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POWER MANAGEMENT “You’ll see resonance charging as accessory products. Some OEMs will build it natively into, phones but it could also be an accessory back cover,” Hunsicker said. “The circuitry can be built into the phone.” “We’re not in the coils game. We’re in radio frequency,” Humavox CEO Omri Lachman told us. “Its characteristics give you a lot of freedom and releases setbacks like the need to align or couple the receiver and the transmitter. You have freedom to create, get rid of all inhibitions.” The Israeli company utilizes radio frequencies for wireless charging under its Eterna platform, where frequencies are transmitted and converted to DC voltage. The charge is converted by the company’s miniature antenna receiver, which is installed in a charging platform called Nest. With Humavox’s technology, a signal broadcast at 2.4 GHz sends energy to the receiver, which pushes voltage to a management IC. Frequency transmission occurs in the industrial, scientific, and medical band, though Lachman said the company has engineered compliance with a “very, very broad spectrum of frequencies to transmit in, from single MHz to high range of GHz.” The receiver operates at as low as 7 milliamps to support low-power devices such as hearing aids. Humavox has marketed its technology with a primary focus on healthcare and elders - a huge market with no rechargeable capability due to age segment. Lachman said the winning technology in the wireless charging market will be the most intuitive. “The user doesn’t want to learn new tricks when it comes to operating their device, especially when it comes to charging. For us, intuitive is not resonance. It’s not having my device charge from nowhere, because nine out of 10 people don’t want waves or infrared or laser beams in their living room, office, airport.” In addition, he said RF will champion coil-based systems in the wearable Internet of Things realm, because of scalability. RF is more easily integrated into small devices than magnetic or resonance charging. However, there are no massmarket devices that Fig. 4: Officials say Humavox’s miniaturized circuitry makes radio frequency wireless charging scalable. (Source: Humavox) feature radio frequency charging available today. “Approaches using RF have been aimed at this market before, and first-generation solutions were not widely accepted,” Sanderson said. “This doesn’t necessarily mean that we will not see them in the future.” Lachman said that he is skeptical about a single magnetic standard, and that the winning solution will integrate more than one power source. “We heard same promise of standards when WPC introduced Qi and Powermat was introduced, and now we’re hearing the same with resonance. Maybe it’s not going to be just radio frequency, but it has to be something - a receiving system that can be easily integrated in sense of form factor.” Low power design: how low is enough? By Tony Armstrong The portable power application space is both broad and diverse. Products range from wireless sensor nodes (WSNs) that consume average power measured in microwatts to cartbased medical or data acquisition systems with multi-hundred Watt-hour battery packs. However, despite this variety, a few trends emerge – designers continue to demand more power in their products to support increased functionality and look to charge the battery from any available power source. The first trend requires increased battery capacities. Unfortunately, users are often impatient and these increased capacities must be charged in a reasonable time, which leads to increased charge currents. The second trend requires tremendous flexibility from the battery charging solution. Each of these issues will be examined in greater detail. Consider modern handheld devices – both consumeroriented devices and industrial devices may include a cellular phone modem, a Wi-Fi module, a Bluetooth module, a large, back-lit display … the list continues. The power architecture of many handheld devices mirrors that of a cell phone. Typically, a 3.7V Li-Ion battery is used as the primary power source due to its high gravimetric (Wh/kg) and volumetric (Wh/m3) energy density. In the past, many high powered devices used a 7.4V Liion battery to reduce current requirements, but the availability of inexpensive 5V power management ICs has pushed more and more handhelds to the lower voltage architecture. The tablet computer illustrates this point well – a typical tablet computer incorporates significant functionality along with a very large (for a portable device) screen. When powered from a 3.7V battery, the capacity must be measured in thousands of milliamp-hours, for example 2200mAh. In order to charge such a battery in hours, thousands of milliamps of charge current are required. However, this high charge current does not prevent consumers from also wanting to charge their high powered devices from a USB port if a high current wall adapter is not available. To satisfy these requirements, a battery charger must be able to charge at a high current (>2A) when a wall adapter is available, but still efficiently make use of the 2.5W to 4.5W available from USB. Furthermore, the product needs to protect sensitive downstream low voltage components from potentially damagecausing overvoltage events and seamlessly direct high currents to the load from a USB input, a wall adapter or the battery while minimizing power loss. This represents an excellent opportunity for battery IC manufactures to develop an IC to safely manage the battery-charging algorithm and monitor critical system parameters. At the other end of the power spectrum are the nanopower conversion requirements of energy harvesting systems such Tony Armstrong is Director of Product Marketing at Linear Technology Corporation – www.linear.com 28 Electronic Engineering Times Europe March 2014 www.electronics-eetimes.com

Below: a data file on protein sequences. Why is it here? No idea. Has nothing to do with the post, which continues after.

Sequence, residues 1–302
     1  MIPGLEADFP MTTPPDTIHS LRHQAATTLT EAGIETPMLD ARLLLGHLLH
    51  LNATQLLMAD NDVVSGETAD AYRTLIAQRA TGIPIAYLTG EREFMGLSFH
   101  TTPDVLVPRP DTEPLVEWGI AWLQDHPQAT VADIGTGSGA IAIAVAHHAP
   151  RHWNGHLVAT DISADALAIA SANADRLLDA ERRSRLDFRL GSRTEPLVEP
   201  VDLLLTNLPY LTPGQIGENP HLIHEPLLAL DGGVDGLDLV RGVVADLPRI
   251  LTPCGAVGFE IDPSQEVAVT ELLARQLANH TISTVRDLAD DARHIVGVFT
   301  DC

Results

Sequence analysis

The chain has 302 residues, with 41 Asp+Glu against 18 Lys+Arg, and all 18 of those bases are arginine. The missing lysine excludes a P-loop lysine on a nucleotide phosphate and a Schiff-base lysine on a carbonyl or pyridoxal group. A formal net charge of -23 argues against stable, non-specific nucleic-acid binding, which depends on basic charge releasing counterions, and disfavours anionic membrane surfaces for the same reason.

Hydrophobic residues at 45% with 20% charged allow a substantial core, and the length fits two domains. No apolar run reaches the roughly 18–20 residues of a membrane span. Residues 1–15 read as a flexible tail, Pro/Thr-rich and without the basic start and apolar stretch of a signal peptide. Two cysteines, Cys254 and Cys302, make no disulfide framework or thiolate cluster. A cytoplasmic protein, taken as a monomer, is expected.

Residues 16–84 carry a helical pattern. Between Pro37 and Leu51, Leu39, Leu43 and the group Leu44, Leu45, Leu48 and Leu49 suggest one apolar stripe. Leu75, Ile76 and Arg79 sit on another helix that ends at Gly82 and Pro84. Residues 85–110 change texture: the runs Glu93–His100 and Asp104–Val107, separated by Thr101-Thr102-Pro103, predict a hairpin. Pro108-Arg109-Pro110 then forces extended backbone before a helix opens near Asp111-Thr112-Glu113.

EETE MAR 2014